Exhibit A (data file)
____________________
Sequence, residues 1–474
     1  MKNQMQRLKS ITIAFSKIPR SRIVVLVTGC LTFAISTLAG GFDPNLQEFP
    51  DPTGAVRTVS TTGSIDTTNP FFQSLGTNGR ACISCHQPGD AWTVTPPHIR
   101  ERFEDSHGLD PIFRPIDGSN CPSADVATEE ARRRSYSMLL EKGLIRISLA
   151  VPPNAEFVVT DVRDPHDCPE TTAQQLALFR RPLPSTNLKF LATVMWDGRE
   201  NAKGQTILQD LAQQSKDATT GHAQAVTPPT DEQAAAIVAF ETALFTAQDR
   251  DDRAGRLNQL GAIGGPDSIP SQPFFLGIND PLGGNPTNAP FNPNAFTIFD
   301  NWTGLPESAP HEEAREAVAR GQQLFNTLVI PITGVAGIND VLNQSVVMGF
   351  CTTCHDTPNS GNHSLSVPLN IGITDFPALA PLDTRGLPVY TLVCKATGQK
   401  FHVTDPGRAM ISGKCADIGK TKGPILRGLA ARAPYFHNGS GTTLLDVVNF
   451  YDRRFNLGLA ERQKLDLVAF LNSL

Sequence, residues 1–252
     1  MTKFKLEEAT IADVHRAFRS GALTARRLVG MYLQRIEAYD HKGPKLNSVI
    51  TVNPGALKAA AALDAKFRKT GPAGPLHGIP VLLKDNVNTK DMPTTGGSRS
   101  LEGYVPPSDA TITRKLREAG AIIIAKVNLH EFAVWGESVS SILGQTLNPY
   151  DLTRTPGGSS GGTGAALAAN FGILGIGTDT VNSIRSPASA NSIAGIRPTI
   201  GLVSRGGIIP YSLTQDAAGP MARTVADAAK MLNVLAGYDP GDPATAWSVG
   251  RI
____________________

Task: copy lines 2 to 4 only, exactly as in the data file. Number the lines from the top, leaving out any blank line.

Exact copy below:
     1  MKNQMQRLKS ITIAFSKIPR SRIVVLVTGC LTFAISTLAG GFDPNLQEFP
    51  DPTGAVRTVS TTGSIDTTNP FFQSLGTNGR ACISCHQPGD AWTVTPPHIR
   101  ERFEDSHGLD PIFRPIDGSN CPSADVATEE ARRRSYSMLL EKGLIRISLA